Matthews, S.E., (2013). 5 Animals With An Extraordinary Sense Of Smell Moths, sharks, fish, and more, Popular Science: http://www.
McFadden, J., 2017. quantum-biology/coherence-in-photosynthesis/
McGowan, K., (2014). How Life Made the Leap From Single Cells to Multicellular Animals, Wired (originally appeared in Science, Quanta Magazine):
Merali, Z., (2014). Solving Biology’s Mysteries Using Quantum Mechanics, Discover,
Meredith, P., (2014). How birds use Earth’s magnetic field to navigate, Australian Geographic: topics/science-environment/2014/05/animal-magnetism-how-animals-use-earths-magnetic-field.
Moir H.M., Jackson J.C. & Windmill J.F.C. (2013). Extremely high frequency sensitivity in a ‘simple’ ear, Biology Letters, 9 (4) 20130241-20130241. DOI: 10.1098/rsbl.2013.0241.
Ofria, C. and Wilke, C.O., 2005. Avida: Evolution experiments with self-replicating computer programs. In Artificial Life Models in Software (pp. 3-35). Springer London.
Packer, M.S. and Liu, D.R., 2015. Methods for the directed evolution of proteins. Nature Reviews Genetics, 16(7), pp.379-394.
Parker, J., Tsagkogeorga, G., Cotton, J.A., Liu, Y., Provero, P., Stupka, E. and Rossiter, S.J., 2013. Genome-wide signatures of convergent evolution in echolocating mammals. Nature, 502(7470), pp.228-231.
Pian, R., Archer, M. and Hand, S.J., 2013. A new, giant platypus, Obdurodon tharalkooschild, sp. nov. (Monotremata, Ornithorhynchidae), from the Riversleigh World Heritage Area, Australia. Journal of Vertebrate Paleontology, 33(6), pp.1255-1259.
Reed, K.E., 1997. Early hominid evolution and ecological change through the African Plio-Pleistocene. Journal of human evolution, 32(2-3), pp.289-322.
Ritz, T., Adem, S. and Schulten, K., 2000. A model for photoreceptor-based magnetoreception in birds. Biophysical journal, 78(2), pp.707-718.
Roberts, A., (2016). What an elephant’s tooth teaches us about evolution, The Guardian: elephant-teeth-teach-about-evolution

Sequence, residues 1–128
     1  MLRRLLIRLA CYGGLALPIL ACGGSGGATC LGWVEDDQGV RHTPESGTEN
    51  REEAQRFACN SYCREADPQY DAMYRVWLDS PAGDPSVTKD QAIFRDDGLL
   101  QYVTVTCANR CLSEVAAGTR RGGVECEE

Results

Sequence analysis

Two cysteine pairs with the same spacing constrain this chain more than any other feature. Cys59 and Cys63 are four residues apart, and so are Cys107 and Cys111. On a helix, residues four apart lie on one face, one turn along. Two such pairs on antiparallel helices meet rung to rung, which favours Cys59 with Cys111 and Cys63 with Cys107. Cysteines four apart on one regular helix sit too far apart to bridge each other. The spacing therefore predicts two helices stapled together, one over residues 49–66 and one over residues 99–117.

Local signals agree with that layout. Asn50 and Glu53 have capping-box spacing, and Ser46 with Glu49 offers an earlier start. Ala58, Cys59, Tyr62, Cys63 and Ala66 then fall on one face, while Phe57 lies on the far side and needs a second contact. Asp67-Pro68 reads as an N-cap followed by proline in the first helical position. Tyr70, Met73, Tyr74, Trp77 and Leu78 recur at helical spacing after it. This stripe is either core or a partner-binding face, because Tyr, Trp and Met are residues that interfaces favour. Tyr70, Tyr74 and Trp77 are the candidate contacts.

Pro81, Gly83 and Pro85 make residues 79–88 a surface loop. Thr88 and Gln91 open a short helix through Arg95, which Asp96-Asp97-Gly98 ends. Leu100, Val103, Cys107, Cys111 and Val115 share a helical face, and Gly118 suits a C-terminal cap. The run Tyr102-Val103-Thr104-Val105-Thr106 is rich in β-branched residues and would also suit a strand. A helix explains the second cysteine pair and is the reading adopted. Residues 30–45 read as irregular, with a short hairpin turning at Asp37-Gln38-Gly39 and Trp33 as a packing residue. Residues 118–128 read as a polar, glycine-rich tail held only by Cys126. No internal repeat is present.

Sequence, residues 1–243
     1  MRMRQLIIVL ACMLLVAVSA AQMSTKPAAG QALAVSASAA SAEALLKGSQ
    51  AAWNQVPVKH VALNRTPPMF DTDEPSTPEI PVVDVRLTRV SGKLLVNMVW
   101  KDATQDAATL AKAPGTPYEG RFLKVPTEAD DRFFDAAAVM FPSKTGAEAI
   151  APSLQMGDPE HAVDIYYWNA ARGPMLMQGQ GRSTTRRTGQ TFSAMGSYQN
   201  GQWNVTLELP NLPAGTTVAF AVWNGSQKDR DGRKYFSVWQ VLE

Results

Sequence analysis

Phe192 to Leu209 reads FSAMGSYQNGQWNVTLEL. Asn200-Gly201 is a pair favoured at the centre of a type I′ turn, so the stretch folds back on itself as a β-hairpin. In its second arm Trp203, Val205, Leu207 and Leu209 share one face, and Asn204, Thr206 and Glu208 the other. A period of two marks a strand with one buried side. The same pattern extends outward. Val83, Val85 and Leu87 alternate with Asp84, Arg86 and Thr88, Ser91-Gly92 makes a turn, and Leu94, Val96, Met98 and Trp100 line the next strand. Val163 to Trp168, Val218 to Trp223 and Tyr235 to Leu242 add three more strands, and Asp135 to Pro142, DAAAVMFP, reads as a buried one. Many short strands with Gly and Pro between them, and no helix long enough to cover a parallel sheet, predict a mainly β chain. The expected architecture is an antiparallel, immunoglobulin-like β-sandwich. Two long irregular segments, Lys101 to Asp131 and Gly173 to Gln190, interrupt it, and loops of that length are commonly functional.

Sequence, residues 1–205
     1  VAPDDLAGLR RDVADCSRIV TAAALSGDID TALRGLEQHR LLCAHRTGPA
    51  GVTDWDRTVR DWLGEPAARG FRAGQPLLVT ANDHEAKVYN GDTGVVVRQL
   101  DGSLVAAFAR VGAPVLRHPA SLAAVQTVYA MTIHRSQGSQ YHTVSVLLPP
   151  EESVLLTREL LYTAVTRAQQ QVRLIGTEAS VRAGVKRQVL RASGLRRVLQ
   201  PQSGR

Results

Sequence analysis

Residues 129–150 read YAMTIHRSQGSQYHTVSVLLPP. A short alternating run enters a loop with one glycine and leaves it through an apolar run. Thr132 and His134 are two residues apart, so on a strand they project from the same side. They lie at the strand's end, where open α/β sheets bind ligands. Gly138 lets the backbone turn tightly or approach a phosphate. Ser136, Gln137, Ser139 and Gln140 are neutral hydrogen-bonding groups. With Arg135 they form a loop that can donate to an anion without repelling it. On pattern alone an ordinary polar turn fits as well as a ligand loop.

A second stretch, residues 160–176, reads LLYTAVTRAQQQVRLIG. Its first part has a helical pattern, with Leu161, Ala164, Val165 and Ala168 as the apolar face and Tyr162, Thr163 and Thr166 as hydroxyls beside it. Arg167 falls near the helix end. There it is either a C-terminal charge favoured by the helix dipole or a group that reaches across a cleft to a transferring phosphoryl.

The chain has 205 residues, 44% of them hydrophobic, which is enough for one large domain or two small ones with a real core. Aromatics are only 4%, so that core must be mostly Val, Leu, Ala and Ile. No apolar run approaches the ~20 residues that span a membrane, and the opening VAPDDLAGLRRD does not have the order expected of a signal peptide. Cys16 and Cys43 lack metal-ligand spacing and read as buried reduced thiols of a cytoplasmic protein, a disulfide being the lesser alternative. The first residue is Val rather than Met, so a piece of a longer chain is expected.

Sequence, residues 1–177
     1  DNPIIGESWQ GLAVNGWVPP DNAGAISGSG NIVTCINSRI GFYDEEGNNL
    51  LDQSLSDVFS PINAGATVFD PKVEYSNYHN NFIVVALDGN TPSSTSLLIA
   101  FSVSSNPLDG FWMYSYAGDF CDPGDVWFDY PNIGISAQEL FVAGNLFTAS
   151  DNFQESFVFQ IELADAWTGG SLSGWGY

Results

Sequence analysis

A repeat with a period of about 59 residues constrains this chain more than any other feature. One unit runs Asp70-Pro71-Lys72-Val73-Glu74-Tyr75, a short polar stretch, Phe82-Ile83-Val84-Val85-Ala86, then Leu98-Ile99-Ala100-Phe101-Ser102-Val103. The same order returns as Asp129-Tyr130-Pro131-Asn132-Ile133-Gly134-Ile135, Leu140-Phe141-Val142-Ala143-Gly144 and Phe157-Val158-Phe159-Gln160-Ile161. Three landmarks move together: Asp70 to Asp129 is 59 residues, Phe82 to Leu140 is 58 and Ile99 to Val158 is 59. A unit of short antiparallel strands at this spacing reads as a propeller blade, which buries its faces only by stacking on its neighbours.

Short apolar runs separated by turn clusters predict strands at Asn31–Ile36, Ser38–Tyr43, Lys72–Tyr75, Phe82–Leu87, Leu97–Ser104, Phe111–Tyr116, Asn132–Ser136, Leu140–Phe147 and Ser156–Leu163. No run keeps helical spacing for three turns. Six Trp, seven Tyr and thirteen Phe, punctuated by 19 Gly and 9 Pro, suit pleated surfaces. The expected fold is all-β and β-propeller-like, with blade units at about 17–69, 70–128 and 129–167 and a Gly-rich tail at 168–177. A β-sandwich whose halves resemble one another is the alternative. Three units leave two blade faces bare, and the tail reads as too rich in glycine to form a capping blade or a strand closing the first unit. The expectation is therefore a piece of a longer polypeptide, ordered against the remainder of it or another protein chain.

Rosenberg, S.M., Shee, C., Frisch, R.L. and Hastings, P.J., 2012. Stress‐induced mutation via DNA breaks in Escherichia coli: A molecular mechanism with implications for evolution and medicine. Bioessays, 34(10), pp.885-892.
Saarinen, J., Karme, A., Cerling, T., Uno, K., Säilä, L., Kasiki, S., Ngene, S., Obari, T., Mbua, E., Manthi, F.K. and Fortelius, M., 2015. A New Tooth Wear–Based Dietary Analysis Method for Proboscidea (Mammalia). Journal of Vertebrate Paleontology, 35(3), p.e918546.
Sautrey, G., Duval, R.E., Chevalley, A., Fontanay, S. and Clarot, I., 2015. Capillary electrophoresis for fast detection of heterogeneous population in colistin‐resistant Gram‐negative bacteria. Electrophoresis, 36(20), pp.2630-2633.
Schlau-Cohen, G.S., Ishizaki, A., Calhoun, T.R., Ginsberg, N.S., Ballottari, M., Bassi, R. and Fleming, G.R., 2012. Elucidation of the timescales and origins of quantum electronic coherence in LHCII. Nature chemistry, 4(5), pp.389-395.
Schrödinger, E., 1944 What is Life? Cambridge University Press, Cambridge, UK.
Singer, E., (2014). Under Pressure, Does Evolution Evolve?, Evolution, Quanta Magazine: evolve/
Sniegowski, P.D., Gerrish, P.J. and Lenski, R.E., 1997. Evolution of high mutation rates in experimental populations of E. coli. Nature, 387(6634), p.703.
Well, S., (2003). The Journey of Man: A Genetic Odyssey. Penguin. ISBN 0141008326.
Whittington, C.M., Papenfuss, A.T., Locke, D.P., Mardis, E.R., Wilson, R.K., Abubucker, S., Mitreva, M., Wong, E.S., Hsu, A.L., Kuchel, P.W. and Belov, K., 2010. Novel venom gene discovery in the platypus. Genome biology, 11(9), p.R95.
Wiltschko, W. and Wiltschko, R., 2005. Magnetic orientation and magnetoreception in birds and other animals. Journal of Comparative Physiology A, 191(8), pp.675-693.
Zimmer, C., (2010). 7,000 Miles Nonstop, and No Pretzels, Science, The New York Times: 25migrate.html.
Zorich, Z., (2016). ‘If the World Began Again, Would Life as We Know It Exist?: Experiments in evolution are exploring what would happen if we rewound the tape of life, Nautilus: 34/adaptation/if-the-world-began-again-would-life-as-we-know-it-exist-rp.

Audience with a university level education (with a minimum of a bachelor’s degree). Academics interested in a quick (and not too technical read) of the advances in biology and medicine. A quick guide to scientists interested in exploring the overlaps between biology and other areas of science.

If you have any questions or comments with regards to this book, please fill out the form below. Thank you!

You have not viewed any product yet.